(A) Oligodendrocyte somata in cerebral cortex immunolabeled with polyclonal anti-Cx47 antibody display large deposits of DAB reaction product in cytoplasmic compartments close to the plasma membrane (arrows), and smaller deposits in the cytoplasm closer to the nucleus (n), associated with presumptive rough endoplasmic reticulum (arrowheads). (B, C) Higher magnifications of DAB deposits near oligodendrocyte (o) plasma membranes in the thalamus (B) and cerebral cortex (C), showing close proximity of deposits to gap junctions (arrowheads) between oligodendrocytes and astrocytes (as), and localization of deposits exclusively on the oligodentrocyte side of junctions. (D) Silver-intensified immunogold labeling showing intracellular sites of Cx47 labeling at plasma membranes of oligodendrocytes (arrows). (E, F) Higher magnification image showing silver-intensified immunolabeling for Cx47 at O/A gap junctions (arrowheads). Scale bars=1 μm A; B, C, 0.1 μm; D, 0.5 μm; E, F, 0.1 μm.

Fig. 3  Stereoscopic images of gap junctions in oligodendrocyte somatic plasma membranes after double-labeling for Cx47 and Cx32.

(A) One large gap junction (three arrowheads delineating its edge) exhibits robust labeling for Cx47 (136 12nm gold) but little or no labeling for Cx32 (no 6nm and only one 18nm gold bead). N, nucleus; *, cytoplasm. The lower left quadrant of the image is not shadowed with platinum because of blockade by a large tissue fragment, but instead is replicated by carbon only. (B) Higher magnification stereoscopic image of the same gap junction. Carbon-replicated connexons are faintly delineated, whereas platinum-shadowed connexons (upper right) are clearly delineated. White arrowhead, 18nm gold bead for Cx32. Unlabeled scale bars=0.1 μm.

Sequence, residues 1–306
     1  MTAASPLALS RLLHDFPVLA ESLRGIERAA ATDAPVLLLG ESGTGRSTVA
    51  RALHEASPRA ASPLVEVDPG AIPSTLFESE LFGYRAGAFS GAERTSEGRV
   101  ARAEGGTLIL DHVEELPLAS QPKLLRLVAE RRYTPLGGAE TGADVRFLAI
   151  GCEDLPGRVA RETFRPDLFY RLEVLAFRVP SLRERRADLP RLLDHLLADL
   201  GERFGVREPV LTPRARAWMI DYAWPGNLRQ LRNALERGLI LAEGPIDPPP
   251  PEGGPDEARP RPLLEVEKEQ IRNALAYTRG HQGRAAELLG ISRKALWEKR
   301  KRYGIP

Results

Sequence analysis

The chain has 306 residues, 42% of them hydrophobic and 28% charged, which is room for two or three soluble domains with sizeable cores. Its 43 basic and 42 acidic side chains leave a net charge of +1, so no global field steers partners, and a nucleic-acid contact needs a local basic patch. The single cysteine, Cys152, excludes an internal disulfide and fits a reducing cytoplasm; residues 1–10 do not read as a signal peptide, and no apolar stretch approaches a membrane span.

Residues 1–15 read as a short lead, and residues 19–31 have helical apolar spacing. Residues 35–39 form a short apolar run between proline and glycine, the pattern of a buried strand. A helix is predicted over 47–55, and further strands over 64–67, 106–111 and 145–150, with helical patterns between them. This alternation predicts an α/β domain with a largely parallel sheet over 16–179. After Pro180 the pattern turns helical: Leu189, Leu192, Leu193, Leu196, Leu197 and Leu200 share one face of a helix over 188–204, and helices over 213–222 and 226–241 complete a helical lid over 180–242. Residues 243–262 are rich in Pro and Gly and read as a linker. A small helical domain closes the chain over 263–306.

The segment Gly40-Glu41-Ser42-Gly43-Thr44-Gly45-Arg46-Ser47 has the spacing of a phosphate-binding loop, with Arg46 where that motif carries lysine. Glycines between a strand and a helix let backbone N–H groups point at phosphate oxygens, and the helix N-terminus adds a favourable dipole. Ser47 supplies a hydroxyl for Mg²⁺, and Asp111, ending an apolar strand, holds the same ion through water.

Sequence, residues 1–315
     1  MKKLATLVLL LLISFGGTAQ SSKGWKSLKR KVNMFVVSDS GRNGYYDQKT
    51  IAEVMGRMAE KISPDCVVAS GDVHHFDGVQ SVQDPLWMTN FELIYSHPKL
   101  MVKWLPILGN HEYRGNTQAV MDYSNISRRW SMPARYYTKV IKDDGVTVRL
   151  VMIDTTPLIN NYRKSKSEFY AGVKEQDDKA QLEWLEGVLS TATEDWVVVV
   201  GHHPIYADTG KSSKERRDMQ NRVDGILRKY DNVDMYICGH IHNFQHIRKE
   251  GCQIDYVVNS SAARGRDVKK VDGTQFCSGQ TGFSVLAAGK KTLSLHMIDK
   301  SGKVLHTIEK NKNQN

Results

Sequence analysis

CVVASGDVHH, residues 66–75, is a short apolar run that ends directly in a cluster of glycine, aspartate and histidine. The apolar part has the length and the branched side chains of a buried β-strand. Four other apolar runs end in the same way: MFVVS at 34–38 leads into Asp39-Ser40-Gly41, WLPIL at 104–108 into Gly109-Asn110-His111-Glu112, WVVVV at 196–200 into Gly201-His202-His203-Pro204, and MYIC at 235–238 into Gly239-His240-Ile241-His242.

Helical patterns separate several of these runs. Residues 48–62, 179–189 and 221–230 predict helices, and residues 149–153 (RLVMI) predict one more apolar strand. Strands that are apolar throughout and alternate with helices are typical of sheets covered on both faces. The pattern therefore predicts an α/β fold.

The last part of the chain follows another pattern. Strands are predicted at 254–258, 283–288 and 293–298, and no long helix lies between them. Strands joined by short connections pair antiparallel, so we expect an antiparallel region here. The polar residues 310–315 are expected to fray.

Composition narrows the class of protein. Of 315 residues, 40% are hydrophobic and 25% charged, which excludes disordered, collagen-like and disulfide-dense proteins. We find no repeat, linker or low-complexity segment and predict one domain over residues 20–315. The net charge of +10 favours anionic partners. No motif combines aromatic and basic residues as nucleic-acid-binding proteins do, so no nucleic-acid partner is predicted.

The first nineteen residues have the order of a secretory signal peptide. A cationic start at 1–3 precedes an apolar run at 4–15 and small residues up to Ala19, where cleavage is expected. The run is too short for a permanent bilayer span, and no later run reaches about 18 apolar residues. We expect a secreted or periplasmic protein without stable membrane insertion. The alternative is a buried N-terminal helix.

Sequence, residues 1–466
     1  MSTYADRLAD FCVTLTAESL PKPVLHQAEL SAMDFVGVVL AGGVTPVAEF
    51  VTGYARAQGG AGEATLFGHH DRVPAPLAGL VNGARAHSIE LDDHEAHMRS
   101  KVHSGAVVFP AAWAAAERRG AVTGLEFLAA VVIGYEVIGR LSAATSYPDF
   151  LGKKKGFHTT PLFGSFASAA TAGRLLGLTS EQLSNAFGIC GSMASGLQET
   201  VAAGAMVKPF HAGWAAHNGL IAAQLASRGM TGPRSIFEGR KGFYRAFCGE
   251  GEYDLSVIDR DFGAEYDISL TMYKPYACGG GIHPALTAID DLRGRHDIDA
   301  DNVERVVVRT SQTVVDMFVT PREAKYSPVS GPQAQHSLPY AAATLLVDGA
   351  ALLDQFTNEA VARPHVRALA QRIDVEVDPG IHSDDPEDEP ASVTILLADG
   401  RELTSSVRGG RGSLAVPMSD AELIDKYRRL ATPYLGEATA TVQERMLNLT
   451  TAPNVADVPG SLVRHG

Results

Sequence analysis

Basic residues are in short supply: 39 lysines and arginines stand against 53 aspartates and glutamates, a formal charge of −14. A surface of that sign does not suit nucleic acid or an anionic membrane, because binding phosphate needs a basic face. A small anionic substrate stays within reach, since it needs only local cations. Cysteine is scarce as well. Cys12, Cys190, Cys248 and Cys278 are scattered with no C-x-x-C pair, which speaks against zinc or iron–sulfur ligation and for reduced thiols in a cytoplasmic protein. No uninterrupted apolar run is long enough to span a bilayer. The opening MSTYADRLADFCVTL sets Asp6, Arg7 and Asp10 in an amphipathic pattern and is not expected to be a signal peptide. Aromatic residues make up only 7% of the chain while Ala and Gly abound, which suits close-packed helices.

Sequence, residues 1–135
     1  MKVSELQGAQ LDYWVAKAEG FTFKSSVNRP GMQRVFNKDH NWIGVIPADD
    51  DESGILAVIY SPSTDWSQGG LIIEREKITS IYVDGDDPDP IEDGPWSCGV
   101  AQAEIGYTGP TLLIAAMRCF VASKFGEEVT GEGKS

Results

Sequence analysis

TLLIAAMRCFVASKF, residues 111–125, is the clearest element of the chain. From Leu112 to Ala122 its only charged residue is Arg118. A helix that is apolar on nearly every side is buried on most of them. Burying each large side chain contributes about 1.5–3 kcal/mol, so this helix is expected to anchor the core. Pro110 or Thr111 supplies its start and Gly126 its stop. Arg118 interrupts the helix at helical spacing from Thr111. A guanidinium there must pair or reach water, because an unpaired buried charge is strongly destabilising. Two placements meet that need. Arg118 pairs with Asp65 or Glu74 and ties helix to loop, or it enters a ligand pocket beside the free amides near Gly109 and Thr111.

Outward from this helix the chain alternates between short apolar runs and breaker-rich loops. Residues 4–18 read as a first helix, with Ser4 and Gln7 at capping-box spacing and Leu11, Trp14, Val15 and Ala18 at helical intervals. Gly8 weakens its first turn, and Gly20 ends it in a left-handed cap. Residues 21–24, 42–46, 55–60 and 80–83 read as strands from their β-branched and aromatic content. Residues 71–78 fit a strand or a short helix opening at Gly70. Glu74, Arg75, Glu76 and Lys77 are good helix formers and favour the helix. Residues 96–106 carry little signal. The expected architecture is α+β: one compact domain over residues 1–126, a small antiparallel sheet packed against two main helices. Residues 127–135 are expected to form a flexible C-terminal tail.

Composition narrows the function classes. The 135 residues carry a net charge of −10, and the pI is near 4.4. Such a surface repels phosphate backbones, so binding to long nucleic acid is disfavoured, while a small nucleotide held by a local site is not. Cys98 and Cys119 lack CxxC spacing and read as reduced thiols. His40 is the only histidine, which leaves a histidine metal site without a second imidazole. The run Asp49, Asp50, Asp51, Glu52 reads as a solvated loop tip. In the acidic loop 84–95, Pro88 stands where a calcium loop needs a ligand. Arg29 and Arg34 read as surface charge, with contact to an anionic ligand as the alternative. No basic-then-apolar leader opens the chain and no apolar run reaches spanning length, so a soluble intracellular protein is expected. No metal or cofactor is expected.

Fig. 4  Gap junctions on oligodendritic processes in sample of rat spinal cord after single-labeling for Cx47 (12nm gold beads).